Antibiotics, Superbugs and First, Do No Harm

Tom Ballard, ND

Naturopathic medicine stands at a dangerous crossroads. For 100 years, we’ve been helping patients by upholding our core principles: the healing power of nature, prevention, identify and treat the cause, doctor as teacher, treat the whole person, and the credo we share with all physicians – first, do no harm. But our idyllic path has been intersected by a superhighway. This superhighway is paved with a myriad of intentions, including broader licensing, access to technology, insurance reimbursement and increased prescriptive authority.

Prescriptive authority, especially of antibiotics, has the capacity to slice through our core principle of first, do no harm. The consequence of ignoring this principle is contributing to a burgeoning medical crisis – antibiotic-resistant pathogens.

Antibiotic-Resistant Pathogens

If you’re following the research, or even the lay literature, you know that because of antibiotics, many pathogens are growing stronger faster than antibiotics can be synthesized to defeat them. Antibiotic-resistant bacterium is one of the hottest issues in medicine. Since shortly after the first antibiotic drug was produced in quantity, during World War II, resistance has been a problem. Recent decades have seen the problem become a crisis.

Methicillin-resistant staph aureus (MRSA) and vancomycin-resistant staph aureus (VRSA) are on the lips of every hospital administrator and growing in the noses of up to 40% of their staff. Nursing homes find it on wheelchairs and in bedsores. Some schools are teeming with these deadly organisms. Antibiotic prescribing is not only an abstract theoretical debate over principles, but also the reason behind the rise of antibiotic-resistant microorganisms.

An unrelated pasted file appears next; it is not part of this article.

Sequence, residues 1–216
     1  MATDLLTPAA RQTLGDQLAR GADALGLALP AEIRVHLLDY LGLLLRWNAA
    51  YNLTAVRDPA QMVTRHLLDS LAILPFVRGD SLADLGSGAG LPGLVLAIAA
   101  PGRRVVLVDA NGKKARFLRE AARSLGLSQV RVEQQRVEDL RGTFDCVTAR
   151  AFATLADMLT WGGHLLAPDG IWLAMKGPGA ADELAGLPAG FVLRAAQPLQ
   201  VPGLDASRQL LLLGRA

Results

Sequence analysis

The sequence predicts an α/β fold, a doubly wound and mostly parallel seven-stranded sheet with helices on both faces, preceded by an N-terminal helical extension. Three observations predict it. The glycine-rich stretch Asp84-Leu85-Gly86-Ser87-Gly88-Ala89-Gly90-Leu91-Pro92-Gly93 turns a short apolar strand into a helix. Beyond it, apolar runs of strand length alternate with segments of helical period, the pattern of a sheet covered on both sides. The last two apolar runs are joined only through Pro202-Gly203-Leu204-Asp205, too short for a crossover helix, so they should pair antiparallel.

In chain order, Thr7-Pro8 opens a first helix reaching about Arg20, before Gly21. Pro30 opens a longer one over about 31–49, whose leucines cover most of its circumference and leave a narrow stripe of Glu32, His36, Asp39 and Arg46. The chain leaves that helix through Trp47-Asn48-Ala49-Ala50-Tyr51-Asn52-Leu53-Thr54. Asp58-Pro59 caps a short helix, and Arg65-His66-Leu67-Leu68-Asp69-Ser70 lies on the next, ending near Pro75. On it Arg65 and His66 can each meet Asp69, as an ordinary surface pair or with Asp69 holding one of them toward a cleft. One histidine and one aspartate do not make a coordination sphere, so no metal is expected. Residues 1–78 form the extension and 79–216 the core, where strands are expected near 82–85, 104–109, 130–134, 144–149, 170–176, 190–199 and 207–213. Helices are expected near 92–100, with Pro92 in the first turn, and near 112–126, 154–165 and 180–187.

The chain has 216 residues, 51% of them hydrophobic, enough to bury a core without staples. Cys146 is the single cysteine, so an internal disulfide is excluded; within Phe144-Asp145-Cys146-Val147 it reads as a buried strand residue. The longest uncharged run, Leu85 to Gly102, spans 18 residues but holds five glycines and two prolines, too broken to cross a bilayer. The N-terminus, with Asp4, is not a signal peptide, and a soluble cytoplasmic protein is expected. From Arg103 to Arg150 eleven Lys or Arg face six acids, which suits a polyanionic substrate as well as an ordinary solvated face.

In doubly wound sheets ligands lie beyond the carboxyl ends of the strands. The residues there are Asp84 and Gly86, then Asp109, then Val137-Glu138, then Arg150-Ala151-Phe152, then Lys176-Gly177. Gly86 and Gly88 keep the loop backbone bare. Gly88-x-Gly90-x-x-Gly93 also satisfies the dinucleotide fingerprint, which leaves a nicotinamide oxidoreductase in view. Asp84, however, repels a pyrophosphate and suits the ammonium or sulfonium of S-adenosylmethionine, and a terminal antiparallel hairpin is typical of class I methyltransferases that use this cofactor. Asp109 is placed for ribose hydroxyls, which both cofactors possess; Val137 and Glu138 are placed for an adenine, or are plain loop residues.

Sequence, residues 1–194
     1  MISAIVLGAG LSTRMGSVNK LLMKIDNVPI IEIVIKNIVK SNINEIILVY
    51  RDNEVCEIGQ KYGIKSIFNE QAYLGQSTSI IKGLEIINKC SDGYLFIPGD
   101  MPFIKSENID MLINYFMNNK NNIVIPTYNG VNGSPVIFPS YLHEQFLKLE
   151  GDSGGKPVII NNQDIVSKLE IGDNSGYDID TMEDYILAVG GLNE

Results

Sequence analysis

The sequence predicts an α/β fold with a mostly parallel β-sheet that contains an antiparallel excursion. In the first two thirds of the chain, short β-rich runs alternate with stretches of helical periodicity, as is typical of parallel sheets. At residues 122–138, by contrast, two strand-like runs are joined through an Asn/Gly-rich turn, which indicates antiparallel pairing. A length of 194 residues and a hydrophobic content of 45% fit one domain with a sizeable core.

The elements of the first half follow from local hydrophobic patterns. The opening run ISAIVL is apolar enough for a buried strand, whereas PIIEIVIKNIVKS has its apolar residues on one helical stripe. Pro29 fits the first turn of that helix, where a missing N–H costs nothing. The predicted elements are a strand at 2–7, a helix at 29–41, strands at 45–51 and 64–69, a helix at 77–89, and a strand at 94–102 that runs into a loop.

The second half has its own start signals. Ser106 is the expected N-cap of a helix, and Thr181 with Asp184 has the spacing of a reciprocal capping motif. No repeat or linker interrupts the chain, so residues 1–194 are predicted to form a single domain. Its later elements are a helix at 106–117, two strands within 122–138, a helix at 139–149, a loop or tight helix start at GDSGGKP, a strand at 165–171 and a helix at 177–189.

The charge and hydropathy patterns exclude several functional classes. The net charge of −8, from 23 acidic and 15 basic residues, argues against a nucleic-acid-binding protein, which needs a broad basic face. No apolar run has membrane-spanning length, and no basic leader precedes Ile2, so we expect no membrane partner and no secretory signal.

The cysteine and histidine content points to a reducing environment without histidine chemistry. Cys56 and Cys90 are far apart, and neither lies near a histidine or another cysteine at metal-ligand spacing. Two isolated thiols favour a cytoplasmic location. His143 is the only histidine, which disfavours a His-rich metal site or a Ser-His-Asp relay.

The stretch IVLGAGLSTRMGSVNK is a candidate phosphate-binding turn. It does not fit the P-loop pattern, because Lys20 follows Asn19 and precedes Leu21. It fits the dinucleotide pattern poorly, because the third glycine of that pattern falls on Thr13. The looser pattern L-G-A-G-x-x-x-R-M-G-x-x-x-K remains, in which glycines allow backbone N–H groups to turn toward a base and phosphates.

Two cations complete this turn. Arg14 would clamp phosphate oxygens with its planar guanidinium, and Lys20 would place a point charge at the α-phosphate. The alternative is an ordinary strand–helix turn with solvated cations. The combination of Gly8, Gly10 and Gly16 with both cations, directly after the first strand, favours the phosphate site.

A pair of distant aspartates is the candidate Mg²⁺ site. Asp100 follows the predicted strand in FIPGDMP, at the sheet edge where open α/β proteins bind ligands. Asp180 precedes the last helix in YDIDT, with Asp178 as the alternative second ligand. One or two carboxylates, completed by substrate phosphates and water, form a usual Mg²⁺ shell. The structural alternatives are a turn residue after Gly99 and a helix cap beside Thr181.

Naturopathic physicians must seek answers to the questions of why, when and how to prescribe antibiotics. The issue has, de facto, been taken over by those clamoring for more prescriptive authority. And that’s not surprising. Superficially, the medical-industrial complex is very appealing. The wonders of modern medicine are more apparent than the dirty little secrets growing in hospitals, nursing homes and kindergartens.

Epidemiologists are warning that antibiotic-resistant organisms are on the verge of causing a modern plague. Is the naturopathic profession doing something to help, or contributing to it?

Antibiotic Prescription Controversy

The controversy over antibiotic prescribing not only touches a nerve, but also our hearts. I was moved to hear a young ND student bravely stand up among a group of her peers, teachers and school administrators to confide, “It was my first day in clinic and my very first patient. I’d waited two years for this moment and I was so excited and proud. The patient had a sinus infection. I knew naturopathy could help him,” she said, her eyes filling with tears. “But the attending doctor just prescribed an antibiotic. That’s all. I was crushed. I felt betrayed.”

Don’t take me to be naive. I know bacterial infections can be serious, even life threatening. I’ve had more than 12 years of experience as an emergency room nurse and 24 years as an ND. I don’t go around boldly claiming to successfully treat all infections with the “right remedy” or a pungent poultice.

Yes, antibiotic drugs are sometimes needed. But when, where and how often? My observation is that too many NDs may be prescribing antibiotics in a knee-jerk fashion. If it looks like a “serious” infection, a prescription is written.